The next week will see continued pressure on the Swissair Group, which suffered from heavy selling pressure on the stock exchange through the previous week. Also on offer over the next five trading days will be a clutch of fresh Swiss economic indicators.This content was published on September 30, 2001 - 10:47
Traders will certainly be looking for any news of more restructuring at the debt laden Swissair Group after its chief executive Mario Corti admitted last week to debts of between SFr16-17 billion ($10.0-10.7 billion).
After he made a key announcement on the merger of Swissair and its regional airline unit, Crossair, last week, traders will be keen to see more rationalisation measures at the company.
Also of interest will be the parliamentary debate on Swissair's future scheduled for Thursday.
Economic news is being more keenly awaited than ever in the wake of the September 11 attacks in the United States.
Last week saw a raft of banks step in to downgrade their Swiss economic forecasts as they believed the US would suffer a downturn in consumer confidence, which would in turn hit the European economies.
Most important of the upcoming figures will be the Swiss Business Cycle Institute's (KOF) economic forecasts due for release on Thursday.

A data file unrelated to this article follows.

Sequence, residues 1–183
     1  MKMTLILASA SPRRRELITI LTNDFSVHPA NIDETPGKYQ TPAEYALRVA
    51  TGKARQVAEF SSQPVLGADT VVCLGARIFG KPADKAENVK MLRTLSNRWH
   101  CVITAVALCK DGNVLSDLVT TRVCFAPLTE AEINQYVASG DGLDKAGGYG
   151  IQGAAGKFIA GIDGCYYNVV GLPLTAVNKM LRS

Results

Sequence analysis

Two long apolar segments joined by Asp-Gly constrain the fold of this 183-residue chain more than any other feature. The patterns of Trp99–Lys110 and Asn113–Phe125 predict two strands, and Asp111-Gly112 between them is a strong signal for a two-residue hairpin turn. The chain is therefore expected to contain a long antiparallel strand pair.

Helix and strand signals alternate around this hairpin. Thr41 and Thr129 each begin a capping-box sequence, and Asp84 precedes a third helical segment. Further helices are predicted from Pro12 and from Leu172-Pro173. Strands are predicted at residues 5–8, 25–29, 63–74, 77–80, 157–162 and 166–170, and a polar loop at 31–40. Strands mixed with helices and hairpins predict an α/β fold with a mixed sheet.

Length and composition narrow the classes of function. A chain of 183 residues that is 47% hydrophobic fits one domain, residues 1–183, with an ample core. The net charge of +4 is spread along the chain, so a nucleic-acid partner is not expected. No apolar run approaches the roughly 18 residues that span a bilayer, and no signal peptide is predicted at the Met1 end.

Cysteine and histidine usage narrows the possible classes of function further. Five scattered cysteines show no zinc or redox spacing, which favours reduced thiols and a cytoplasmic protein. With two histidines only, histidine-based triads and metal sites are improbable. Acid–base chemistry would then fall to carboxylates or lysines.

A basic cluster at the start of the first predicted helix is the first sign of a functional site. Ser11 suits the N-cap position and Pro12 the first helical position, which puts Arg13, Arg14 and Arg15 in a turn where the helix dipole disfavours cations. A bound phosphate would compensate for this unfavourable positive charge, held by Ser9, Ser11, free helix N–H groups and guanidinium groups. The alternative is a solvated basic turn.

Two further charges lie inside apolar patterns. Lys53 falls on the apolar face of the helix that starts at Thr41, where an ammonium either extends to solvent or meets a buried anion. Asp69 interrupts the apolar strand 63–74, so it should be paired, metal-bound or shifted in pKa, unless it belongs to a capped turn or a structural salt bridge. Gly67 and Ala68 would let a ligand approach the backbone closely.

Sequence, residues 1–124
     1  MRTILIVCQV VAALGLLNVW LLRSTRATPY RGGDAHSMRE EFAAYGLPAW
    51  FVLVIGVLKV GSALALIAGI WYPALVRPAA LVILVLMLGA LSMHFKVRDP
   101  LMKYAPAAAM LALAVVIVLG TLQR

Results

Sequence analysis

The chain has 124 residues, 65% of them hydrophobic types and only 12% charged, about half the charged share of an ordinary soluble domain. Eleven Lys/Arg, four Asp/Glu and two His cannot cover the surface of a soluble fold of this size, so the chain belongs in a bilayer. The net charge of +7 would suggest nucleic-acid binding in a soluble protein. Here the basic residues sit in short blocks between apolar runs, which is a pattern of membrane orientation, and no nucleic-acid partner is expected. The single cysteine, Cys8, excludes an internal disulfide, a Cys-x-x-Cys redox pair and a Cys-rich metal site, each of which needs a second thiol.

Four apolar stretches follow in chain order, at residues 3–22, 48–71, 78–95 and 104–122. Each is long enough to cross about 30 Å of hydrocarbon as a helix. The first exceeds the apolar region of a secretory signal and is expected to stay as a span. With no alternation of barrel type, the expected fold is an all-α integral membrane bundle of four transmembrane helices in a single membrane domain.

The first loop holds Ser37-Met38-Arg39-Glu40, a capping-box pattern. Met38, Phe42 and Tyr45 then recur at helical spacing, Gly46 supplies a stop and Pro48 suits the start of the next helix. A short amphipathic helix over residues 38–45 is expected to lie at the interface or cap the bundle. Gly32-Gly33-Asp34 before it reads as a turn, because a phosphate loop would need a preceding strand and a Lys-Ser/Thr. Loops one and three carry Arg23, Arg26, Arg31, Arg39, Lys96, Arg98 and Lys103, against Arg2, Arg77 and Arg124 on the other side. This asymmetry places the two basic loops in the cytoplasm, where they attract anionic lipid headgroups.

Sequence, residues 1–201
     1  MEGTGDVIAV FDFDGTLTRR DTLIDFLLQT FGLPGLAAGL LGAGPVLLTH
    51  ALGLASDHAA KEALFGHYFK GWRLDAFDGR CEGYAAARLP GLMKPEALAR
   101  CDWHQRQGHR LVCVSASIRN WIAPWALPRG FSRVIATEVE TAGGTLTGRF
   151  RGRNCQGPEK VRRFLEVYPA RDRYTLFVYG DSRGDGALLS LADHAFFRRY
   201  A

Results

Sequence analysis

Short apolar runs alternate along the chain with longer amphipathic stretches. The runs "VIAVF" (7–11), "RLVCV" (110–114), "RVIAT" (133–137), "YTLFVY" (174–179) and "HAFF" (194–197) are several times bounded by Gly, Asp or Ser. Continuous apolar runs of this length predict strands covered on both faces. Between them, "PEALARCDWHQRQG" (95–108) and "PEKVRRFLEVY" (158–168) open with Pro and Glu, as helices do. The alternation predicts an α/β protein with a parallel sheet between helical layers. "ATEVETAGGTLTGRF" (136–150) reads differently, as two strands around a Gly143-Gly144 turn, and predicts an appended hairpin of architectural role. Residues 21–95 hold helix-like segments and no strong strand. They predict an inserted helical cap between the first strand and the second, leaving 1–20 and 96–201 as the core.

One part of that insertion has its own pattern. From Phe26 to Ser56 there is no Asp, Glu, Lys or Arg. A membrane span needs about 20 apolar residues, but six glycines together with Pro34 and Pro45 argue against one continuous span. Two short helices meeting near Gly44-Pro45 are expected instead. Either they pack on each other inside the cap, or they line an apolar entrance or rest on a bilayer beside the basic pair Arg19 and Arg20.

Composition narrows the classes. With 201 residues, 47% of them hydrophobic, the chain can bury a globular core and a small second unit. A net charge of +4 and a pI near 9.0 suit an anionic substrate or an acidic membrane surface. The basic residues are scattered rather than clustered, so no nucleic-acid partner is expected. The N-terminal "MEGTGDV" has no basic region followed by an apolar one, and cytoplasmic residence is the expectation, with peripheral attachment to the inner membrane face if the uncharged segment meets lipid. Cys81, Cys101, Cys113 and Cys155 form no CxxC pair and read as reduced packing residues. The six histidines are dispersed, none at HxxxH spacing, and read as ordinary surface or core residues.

Expectations are that the KOF will cut back its forecast for economic growth in 2002 in line with similar moves at UBS Warburg and Credit Suisse.
Starting the week off will be the Swiss Purchasing Managers Report on Monday. This survey of business confidence will no doubt be affected by the fall-out of the terrorist attacks in the US.
Friday will see the release of the latest unemployment data for September. In August the jobless rate came in at 1.7 per cent, however economists expect unemployment to climb to between 2.2 and 2.5 per cent over next year as the export industries cut back as US and European demand decreases.
A quiet week awaits on the corporate front with no major blue chip companies scheduled to release data. However, the Swiss franc will remain in focus after seesawing its way through the previous week.
The franc started last week in a strong position against the dollar and euro as its safe haven status attracted foreign exchange dealers.
But by the end of last week the dollar was once more recovering after the Swiss National Bank cut interest rates by half a basis point. Expectations are for continued downward pressure on the franc to continue through the coming week.
by Tom O'Brien
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